CAIRO – After days of heavy combat among militias that highlights the chaos in Libya, the U.S. Embassy has been closed and its staff taken to safety in neighboring Tunisia, the State Department said Saturday.
Scores of people have been killed and injured in the battles, which have raged for weeks and shut down the international airport in Tripoli, the capital.
The U.S. Embassy is near where some of the heaviest fighting has occurred, and the rival militias are armed with heavy weapons that fell into their hands after the uprising three years ago that toppled leader Moammar Gadhafi. Several other embassies have been abandoned, and United Nations missions and aid groups also have fled.
According to news accounts, about 150 U.S. personnel made the journey to Tunisia. The Pentagon said the evacuation took about five hours. It occurred under the protection of U.S. F-16 fighters and other aircraft.
For months, the weakness of Libya’s central government has left the country vulnerable to militia-instigated violence. The armed groups, which often break down along ethnic, regional or sectarian lines, were allies in the fight against Gadhafi, but have since turned on one another in a scramble for power and oil wealth.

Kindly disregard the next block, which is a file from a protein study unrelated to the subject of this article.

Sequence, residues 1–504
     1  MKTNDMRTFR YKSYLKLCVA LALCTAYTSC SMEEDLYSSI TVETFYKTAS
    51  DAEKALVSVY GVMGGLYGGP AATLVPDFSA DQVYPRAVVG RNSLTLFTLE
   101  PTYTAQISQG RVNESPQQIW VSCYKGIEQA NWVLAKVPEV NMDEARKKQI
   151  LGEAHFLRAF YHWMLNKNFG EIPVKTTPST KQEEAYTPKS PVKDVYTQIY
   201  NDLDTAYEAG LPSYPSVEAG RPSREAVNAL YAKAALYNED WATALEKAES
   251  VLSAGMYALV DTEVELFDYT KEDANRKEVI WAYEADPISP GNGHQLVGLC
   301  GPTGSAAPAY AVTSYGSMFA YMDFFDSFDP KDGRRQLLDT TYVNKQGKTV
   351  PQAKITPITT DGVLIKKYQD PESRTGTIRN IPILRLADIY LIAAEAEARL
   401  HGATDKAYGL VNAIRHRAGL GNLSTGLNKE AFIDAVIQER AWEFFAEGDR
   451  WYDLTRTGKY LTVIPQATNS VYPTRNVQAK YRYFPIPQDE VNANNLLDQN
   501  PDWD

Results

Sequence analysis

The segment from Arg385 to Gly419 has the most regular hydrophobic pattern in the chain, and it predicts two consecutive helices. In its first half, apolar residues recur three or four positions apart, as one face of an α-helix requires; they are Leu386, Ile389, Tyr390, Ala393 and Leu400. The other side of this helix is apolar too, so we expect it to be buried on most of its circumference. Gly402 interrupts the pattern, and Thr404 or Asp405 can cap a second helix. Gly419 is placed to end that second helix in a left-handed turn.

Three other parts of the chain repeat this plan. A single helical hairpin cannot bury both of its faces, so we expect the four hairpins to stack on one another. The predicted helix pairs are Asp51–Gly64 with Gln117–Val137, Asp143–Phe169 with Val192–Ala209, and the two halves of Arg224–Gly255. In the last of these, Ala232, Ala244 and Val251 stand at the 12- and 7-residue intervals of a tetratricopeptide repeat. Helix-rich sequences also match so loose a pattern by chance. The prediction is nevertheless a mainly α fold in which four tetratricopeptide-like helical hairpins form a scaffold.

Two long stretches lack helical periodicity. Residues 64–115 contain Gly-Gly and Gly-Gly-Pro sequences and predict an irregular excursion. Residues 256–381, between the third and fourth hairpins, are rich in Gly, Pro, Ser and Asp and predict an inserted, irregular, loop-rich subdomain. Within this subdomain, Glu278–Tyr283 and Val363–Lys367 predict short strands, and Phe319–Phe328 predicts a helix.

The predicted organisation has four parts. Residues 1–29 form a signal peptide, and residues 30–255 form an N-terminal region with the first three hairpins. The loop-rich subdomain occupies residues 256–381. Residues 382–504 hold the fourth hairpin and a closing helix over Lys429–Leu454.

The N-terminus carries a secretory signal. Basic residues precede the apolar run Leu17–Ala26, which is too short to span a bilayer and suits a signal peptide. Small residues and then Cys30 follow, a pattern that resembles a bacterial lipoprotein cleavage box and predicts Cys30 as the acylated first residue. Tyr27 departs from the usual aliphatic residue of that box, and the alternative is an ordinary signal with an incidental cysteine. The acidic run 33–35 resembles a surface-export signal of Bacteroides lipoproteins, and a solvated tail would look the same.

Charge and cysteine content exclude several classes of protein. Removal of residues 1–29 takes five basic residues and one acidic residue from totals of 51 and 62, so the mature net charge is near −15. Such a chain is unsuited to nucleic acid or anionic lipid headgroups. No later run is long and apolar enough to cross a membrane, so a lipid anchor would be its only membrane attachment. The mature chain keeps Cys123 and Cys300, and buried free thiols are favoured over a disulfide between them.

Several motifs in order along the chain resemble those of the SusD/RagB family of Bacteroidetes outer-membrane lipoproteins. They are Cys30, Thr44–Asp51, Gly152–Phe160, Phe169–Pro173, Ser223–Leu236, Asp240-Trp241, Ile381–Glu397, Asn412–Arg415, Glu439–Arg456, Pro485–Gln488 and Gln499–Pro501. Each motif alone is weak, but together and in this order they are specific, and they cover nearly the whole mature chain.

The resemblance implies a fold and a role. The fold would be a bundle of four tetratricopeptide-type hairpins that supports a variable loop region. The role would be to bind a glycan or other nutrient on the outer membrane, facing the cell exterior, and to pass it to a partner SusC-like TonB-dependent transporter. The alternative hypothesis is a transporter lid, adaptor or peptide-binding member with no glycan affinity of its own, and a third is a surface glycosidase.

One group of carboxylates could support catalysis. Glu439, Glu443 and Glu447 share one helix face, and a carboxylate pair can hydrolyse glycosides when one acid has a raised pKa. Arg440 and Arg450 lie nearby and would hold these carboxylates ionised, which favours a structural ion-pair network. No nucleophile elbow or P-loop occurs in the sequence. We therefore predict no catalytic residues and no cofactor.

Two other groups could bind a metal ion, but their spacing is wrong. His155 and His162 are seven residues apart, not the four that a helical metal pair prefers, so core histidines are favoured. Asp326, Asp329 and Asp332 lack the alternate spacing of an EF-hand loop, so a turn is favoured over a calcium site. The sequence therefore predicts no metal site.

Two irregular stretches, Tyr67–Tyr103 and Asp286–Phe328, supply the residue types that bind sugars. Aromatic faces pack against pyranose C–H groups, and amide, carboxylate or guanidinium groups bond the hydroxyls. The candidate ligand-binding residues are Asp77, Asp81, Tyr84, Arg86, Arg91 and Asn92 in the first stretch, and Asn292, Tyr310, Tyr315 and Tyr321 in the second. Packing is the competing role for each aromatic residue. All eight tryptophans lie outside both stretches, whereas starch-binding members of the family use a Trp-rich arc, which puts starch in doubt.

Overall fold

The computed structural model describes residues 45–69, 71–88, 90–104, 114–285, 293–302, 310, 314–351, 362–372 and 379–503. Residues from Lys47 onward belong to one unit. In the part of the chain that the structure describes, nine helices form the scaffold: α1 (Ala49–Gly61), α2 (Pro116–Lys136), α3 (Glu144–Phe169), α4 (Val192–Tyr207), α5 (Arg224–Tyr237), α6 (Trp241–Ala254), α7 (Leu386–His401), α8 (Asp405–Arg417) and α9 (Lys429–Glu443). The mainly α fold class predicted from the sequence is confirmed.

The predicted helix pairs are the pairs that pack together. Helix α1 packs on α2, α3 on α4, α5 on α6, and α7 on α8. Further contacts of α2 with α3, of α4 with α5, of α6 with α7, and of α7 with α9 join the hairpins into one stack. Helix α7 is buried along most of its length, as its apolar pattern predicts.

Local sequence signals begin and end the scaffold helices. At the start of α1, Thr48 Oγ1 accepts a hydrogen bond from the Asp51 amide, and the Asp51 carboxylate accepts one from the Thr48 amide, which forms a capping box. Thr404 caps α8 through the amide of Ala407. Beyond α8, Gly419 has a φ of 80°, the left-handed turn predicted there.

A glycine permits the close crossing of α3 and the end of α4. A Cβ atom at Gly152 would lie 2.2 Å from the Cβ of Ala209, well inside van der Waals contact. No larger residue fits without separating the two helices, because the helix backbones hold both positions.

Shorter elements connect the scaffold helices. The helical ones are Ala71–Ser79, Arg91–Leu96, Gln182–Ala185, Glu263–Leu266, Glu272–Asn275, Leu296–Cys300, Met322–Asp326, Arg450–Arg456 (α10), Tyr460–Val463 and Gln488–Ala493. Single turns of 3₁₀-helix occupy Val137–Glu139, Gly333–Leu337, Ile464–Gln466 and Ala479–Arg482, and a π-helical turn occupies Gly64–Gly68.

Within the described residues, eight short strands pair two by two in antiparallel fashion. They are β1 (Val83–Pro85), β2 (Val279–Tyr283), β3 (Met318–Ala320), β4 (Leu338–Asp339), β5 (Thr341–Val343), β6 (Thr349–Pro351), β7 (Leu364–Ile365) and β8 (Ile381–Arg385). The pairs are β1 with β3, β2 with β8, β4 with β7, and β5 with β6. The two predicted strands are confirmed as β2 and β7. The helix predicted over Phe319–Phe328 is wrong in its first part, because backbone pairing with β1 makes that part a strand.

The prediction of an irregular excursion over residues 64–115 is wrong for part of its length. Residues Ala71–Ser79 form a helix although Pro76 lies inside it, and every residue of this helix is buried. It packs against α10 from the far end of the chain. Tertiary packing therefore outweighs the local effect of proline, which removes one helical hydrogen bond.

The latest battles in Tripoli have mainly been between Islamists from the western city of Misurata and another armed group, the Zintan militia, which took control of the airport months ago and had been put on the government payroll to provide security there.
In an official travel warning, the State Department also urged all Americans who remain in the country to leave immediately, saying the situation is “unpredictable and unstable.”
It said extremist groups in Libya this year had made “several specific threats” against U.S. citizens and interests in the country, and warned that Americans may be risking “kidnapping, violent attacks, or death.”
The threat to U.S. personnel in Libya has been especially sensitive since September 2012, when the U.S. diplomatic compound in the eastern city of Benghazi was attacked and Ambassador Chris Stevens and three other Americans were killed.